Catching Coaching Opportunities

“To effect true transformational change, heart-led leaders draw on the qualities of humility, vulnerability, transparency, empathy and love.”  — Tommy Spaulding

Coaching is a key skill for successful leaders.  Coaching is a fantastic way to continuously develop your staff and help them feel that you truly care for them individually and about their personal and professional development – coaching is purely for them! I have heard from many of my clients about how valuable the book “A Manager’s Guide to Coaching: Simple and Effective Ways to Get the Best From Your Employees” by Brian Emerson was for them.  I want to put this information on your radar so you can keep learning and moving forward! 

Here is a brief skill review of some coaching skills

Coachable moments arise when someone gives subtle clues that not everything they are thinking is being fully processed or expressed. Watch for these cues, and seize those valuable coachable moments!

  • Limiting beliefs
  • Assumptions, interpretations, limited perceptions
  • Throw-away comments (“That will never happen.”  “It has always been like this.” “I have never been able to…”)
  • Missing pieces in a story
  • Strong or weak energy
  • Inconsistent statement
  • Inflation of roles (“I am the manager.” “It’s all up to me.”)
  • Repeated phrases or words (frustrated, angry, upset)

There are ways to “call coaching out” without saying outright “Can I coach you?”  Here are some suggestions for subtly opening a coaching conversation when you catch a coachable moment:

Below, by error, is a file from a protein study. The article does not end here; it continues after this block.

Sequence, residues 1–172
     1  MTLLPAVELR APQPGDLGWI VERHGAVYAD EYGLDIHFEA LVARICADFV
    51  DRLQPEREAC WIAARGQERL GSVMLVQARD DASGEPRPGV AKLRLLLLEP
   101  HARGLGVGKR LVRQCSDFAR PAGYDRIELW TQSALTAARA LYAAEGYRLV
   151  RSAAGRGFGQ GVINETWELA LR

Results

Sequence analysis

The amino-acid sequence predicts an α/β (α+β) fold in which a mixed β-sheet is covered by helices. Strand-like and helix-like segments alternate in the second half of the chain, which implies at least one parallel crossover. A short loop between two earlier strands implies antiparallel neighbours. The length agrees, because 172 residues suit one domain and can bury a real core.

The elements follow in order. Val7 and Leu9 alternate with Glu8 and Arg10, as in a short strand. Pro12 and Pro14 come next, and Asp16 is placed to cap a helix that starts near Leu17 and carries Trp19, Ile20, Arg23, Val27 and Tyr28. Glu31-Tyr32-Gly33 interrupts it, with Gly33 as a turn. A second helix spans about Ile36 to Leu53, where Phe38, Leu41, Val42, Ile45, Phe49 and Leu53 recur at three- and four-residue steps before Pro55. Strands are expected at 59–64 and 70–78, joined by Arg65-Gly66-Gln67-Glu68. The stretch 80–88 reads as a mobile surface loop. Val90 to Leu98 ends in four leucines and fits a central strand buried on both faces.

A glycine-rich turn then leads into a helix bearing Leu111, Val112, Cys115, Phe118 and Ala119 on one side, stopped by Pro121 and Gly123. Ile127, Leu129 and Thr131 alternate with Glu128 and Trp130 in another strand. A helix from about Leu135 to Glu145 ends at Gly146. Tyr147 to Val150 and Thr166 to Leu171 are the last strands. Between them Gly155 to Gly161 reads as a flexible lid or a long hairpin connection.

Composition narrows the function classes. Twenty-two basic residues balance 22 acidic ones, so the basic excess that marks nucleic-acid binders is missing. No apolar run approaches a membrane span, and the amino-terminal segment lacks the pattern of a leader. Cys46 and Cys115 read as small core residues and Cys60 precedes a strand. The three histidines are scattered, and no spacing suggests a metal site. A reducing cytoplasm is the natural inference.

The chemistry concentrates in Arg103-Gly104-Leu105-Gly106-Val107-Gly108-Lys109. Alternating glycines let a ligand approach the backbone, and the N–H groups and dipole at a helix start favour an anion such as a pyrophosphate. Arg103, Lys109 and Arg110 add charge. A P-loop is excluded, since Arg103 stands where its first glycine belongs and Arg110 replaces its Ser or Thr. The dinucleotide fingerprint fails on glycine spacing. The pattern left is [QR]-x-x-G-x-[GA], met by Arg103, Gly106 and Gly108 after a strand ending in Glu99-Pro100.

• “When would you like to schedule some time to bat around some ideas about this challenge?”, or;
  • “Would you like some time to talk and brainstorm how to deal with the situation?”

When you are meeting with your direct reports this week, look for coaching opportunities. Remember: Attitude and Aptitude are very different!  Aptitude is about knowledge and skill. Attitude is where you will find a lot of your coaching opportunities.  Here are some coaching opportunities/agendas to look for:

  • Interpersonal challenges
  • Motivation
  • Time management
  • Dealing with conflict
  • Clarifying goals
  • Lack of available resources
  • Developmental opportunities
  • Life balance
  • Conflicting priorities
  • Delegation
  • Confidence
  • Internal barriers, blocks, and limiting beliefs

Coaching is all about the skill and art of asking questions

 Here are some things to keep in mind to formulate good coaching questions:

  • Ask open-ended questions (What, Where, Who, When, How – stay away from “why”)
  • Keep your questions advice free
  • Keep them short and simple (take your time formulating good questions)
  • Keep them thought-provoking
  • Create space between your questions
  • Ask only one question at a time
  • It’s OK to re-frame a question
  • Keep them forward focused (on future behaviors and actions)

Remember to dig into the coachable moments before moving into solutions and next steps.

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